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Sector M&A outlook

Global Capital Confidence Barometer | 17th edition

Acquiring technology to accelerate innovation — a key consideration across all sectors

Oil and gas

  • With oil price stabilization has come a transition to a new normal, which has seen confidence grow over the past six months. Deal activity has increased in some segments compared to 2016. There is an expectation of increased activity through the coming year as we see more activity in both upstream and downstream.
  • Increasing innovation in deal structures from nontraditional methods (JVs, alliances, etc.) has gained traction with companies in a cash-constrained environment.
  • Private equity and sovereign wealth funds continue to invest in oil and gas, as they look to deliver higher returns through selective investments. Though this has helped drive some acquisitions, caution remains, as not all investments have delivered on expectations.

Mining and metals

  • Divestments drove M&A activity through the down cycle as the sector liquidated assets to pay debt and strengthen balance sheets. In 2017, a rebound in market fundamentals eased pressure on mining companies, but did not reduce the focus on reducing financial risk.
  • As such, capital allocation tended to favor continued debt reduction and the return of cash to shareholders over growth. With the industry now in better financial shape, M&A is increasingly strategic in nature, with companies positioning for the next growth cycle.
  • However, investor concerns over the erosion of value creation will trigger changes in approach and a return to acquisitive transactions. The downcycle saw exploration budget reduction and a decline in inventory of projects at exploration and development stages. Companies intending to expand output in the short term will find themselves with limited options but to acquire assets already in production.

Life sciences

  • While the strategic drivers for M&A and divestitures – the growth imperative, increasing therapeutic focus and the need for scale – continue to be very positive, some companies are holding back pending more clarity on the future of US tax reform, particularly the repatriation of offshore cash.
  • This caution affects larger and megadeals more than bolt-ons and tuck-ins, although CEOs may be getting to the point where they are comfortable that any policy changes, if they happen, will not be drastic.
  • Outside the US, biopharma M&A has seen steady growth, as companies continue to divest non-core assets and focus on key therapeutic areas.


  • Telecommunications companies continue to show elevated M&A appetite at a time when convergence, consolidation and digital growth opportunities are pronounced across all geographies.
  • Boundaries between industry verticals are blurring, and telcos view adjacencies in technology and media sectors with particular optimism. The addition of content, advertising and IT capabilities remains squarely on the M&A agenda, while new opportunities in IoT enable telcos to serve changing demands across a range of industry verticals.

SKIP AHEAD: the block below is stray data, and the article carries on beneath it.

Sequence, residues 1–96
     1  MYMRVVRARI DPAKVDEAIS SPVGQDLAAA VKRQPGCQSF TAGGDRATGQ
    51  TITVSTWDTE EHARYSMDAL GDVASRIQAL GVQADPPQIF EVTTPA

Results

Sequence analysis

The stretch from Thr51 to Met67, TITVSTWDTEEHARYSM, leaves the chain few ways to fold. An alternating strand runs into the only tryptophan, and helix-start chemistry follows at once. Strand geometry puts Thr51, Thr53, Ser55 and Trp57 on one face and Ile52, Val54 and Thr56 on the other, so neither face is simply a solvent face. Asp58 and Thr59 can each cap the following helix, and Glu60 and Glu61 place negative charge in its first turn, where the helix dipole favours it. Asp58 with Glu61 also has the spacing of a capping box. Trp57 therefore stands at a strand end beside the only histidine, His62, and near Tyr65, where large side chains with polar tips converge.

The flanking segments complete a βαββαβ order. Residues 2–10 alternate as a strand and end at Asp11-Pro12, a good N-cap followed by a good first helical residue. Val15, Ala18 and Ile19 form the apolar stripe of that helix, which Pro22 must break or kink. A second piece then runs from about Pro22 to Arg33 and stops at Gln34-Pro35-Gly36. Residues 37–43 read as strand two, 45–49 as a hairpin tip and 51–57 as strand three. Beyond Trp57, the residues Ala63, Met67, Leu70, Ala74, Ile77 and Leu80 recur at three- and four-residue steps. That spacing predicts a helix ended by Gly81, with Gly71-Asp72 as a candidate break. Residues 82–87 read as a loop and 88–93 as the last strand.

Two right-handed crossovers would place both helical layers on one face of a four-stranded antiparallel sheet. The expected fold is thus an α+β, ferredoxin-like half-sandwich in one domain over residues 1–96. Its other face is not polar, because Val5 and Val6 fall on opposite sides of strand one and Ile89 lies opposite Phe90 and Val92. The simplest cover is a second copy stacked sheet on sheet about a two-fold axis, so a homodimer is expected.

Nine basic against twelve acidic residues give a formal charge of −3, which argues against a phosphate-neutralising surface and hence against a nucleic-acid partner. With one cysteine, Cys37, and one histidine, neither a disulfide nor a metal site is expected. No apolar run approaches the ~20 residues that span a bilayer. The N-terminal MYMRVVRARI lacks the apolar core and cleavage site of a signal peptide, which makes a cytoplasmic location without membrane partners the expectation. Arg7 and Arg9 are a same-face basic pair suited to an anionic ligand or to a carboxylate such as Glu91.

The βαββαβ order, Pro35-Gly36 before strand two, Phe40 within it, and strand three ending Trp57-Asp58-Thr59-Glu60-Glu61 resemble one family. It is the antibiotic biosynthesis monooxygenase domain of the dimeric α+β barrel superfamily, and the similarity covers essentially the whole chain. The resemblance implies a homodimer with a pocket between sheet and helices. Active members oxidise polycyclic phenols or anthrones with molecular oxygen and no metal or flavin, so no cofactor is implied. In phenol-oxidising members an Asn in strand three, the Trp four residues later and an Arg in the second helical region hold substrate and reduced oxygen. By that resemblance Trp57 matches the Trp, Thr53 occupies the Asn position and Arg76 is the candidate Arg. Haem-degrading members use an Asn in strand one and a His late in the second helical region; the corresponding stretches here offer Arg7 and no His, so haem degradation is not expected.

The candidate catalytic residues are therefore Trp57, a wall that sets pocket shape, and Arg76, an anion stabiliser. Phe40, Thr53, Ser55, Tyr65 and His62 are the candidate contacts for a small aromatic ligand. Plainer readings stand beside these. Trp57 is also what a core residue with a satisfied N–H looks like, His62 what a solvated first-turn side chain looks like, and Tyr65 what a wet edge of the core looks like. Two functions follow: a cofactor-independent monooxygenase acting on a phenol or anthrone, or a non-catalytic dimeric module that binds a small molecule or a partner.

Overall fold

• Partnerships and alliances are also gaining ground as operators consider low-cost routes to expand their service portfolios. In turn, this underlines the importance of effective build, buy or partner strategies as operators engage in various forms of value creation.


  • Industry 4.0 is reshaping capital agendas for industrials companies. This is the fundamental shift from asset-based manufacturing to “manufacturing services” models enabled by customer transparency, technology and digital capabilities.
  • Industrials are experiencing a wave of consolidation in leading submarkets. The driver is to grow profits through focused “pure-play portfolios.” This will continue to be characterized by selective megadeals, followed by strategic spin-offs, as companies maneuver to protect market share and react to changing customer demands.
  • Industrials valuations are relatively high but not fully deterring suitors. Some view the risk of being left out of the winner’s circle for Industry 4.0 as outweighing the risk of overpaying. Impressive firepower and inexpensive financing will tip that equation even more toward M&A activity for both strategic and PE buyers.

Automotive and transportation

  • At a time of rapid technological disruption, automotive companies are proactively managing their portfolios to protect their core businesses. Key markets, such as China, Europe and California, where the push for vehicle electrification is highest, are driving the case for change.
  • New digital and connectivity technologies enhance the need for auto companies to adopt new business models and seek further M&A opportunities in the tech sector, and others.
  • Automotive M&A revolves around acquiring innovative capabilities offered by start-ups. The collaborative economy, where mobility providers offer services without owning vehicles, is leading to partnerships between automotive vehicle manufacturers and new entrants.